Net Neutrality Goes Back On Trial

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Above Photo: Judge David Tatel Associated Press.

Net neutrality is going back on trial this week when one of the most powerful courts in America considers whether the Federal Communications Commission can go forward with its plan to impose utility-like regulations on broadband providers.

The FCC earlier this year came out with a new set of Internet regulations, the agency’s latest attempt to advance “open Internet” rules that essentially require equal treatment of Internet traffic. A three-judge panel of the U.S. Court of Appeals for the District of Columbia Circuit on Dec. 4 is hearing the telecom industry’s challenge to the rules.

Sitting on the panel is Judge David S. Tatel, who has emerged as a “Justice Kennedy” of net neutrality. Whether the FCC’s new regulations pass muster could come down to what Judge Tatel thinks, reports WSJ‘s John McKinnon.

“Given his interest and his knowledge, it is overwhelmingly likely that he will be in the majority and write the opinion,” said Georgetown law professor Andrew Schwartzman.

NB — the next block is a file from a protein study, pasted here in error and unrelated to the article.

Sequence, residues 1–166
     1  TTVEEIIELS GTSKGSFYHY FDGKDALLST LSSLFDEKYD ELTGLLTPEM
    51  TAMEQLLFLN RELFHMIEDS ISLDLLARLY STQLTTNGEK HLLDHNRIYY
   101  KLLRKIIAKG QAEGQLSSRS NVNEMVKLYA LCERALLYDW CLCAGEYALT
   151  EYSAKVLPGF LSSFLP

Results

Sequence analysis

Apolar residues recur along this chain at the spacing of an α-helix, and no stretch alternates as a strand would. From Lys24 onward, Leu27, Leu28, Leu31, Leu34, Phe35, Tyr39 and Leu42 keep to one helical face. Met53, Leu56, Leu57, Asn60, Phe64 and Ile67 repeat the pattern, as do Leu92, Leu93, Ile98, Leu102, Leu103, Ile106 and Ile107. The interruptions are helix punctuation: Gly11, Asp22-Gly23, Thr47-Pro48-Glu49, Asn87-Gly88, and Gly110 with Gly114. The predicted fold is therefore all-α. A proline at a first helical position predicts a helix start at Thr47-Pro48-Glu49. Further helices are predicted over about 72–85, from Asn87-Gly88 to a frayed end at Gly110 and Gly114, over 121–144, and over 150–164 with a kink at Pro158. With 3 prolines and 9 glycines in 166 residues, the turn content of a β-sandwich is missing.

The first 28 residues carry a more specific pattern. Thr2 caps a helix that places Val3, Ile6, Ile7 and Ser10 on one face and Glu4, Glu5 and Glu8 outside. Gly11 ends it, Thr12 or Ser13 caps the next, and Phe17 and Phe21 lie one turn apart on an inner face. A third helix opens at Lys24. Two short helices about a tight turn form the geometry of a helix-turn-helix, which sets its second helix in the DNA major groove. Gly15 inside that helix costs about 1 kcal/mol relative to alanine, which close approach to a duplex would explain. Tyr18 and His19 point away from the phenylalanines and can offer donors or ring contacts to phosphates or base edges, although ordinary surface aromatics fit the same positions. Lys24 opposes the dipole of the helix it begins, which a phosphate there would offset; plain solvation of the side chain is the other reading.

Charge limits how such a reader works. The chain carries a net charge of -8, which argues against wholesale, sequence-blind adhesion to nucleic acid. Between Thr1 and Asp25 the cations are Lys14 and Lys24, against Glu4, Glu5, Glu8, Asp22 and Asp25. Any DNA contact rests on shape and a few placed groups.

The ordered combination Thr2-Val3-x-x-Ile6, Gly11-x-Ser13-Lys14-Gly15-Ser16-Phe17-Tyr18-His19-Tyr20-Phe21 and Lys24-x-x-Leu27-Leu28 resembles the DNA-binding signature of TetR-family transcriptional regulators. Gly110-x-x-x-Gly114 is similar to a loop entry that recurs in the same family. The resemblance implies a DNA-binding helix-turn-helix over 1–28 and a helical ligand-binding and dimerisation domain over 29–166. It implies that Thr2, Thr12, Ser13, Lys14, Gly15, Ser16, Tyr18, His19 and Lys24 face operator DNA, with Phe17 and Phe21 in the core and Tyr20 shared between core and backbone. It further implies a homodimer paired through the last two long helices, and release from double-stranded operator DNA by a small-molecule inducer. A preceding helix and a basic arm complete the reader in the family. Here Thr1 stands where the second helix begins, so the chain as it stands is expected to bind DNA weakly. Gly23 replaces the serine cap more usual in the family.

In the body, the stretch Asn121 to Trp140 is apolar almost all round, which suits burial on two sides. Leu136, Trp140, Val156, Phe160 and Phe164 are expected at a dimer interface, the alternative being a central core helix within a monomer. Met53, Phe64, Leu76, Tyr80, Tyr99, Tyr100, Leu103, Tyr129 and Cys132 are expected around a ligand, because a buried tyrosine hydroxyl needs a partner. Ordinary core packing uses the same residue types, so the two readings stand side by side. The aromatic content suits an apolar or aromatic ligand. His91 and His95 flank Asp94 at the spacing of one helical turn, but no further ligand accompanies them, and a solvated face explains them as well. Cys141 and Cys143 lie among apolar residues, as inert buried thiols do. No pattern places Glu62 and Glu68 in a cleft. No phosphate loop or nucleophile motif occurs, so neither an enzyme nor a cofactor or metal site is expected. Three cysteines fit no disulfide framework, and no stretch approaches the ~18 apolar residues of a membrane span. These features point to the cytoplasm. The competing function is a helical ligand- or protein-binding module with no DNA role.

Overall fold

The 73-year-old judge, known for his expertise in the technology arena, torpedoed two previous versions of the net-neutrality rule. But his presence on the panel isn’t necessarily bad for the FCC.

Explaining where it gets the authority to impose “net neutrality” rules — a policy favored by the Obama administration — has always been the agency’s biggest challenge.

In previous attempts, it relied on a minor provision of Congress’s 1996 overhaul of the Communications Act of 1934 that instructed the FCC to encourage investment and competition in the advanced telecommunications market.

In February a divided FCC changed tactics, reclassifying broadband providers as telecommunications services through Title II of the Communications Act of 1934, which originally subjected the phone system to the same kind of public-protection rules that govern railroads or pipelines.

In his last ruling, Judge Tatel suggested the FCC could find better legal footing through Title II. “In the previous case, he provided a legal road map for the FCC to follow,” Marvin Ammori, a lawyer and net neutrality activist, told WSJ.

Big phone and cable companies—along with congressional Republicans—say the FCC still lacks a legal basis to impose the net neutrality rule.

The case isn’t a typical appeal.  There was no trial-court ruling. Challenges to federal agency regulations can often go straight to the D.C. Circuit.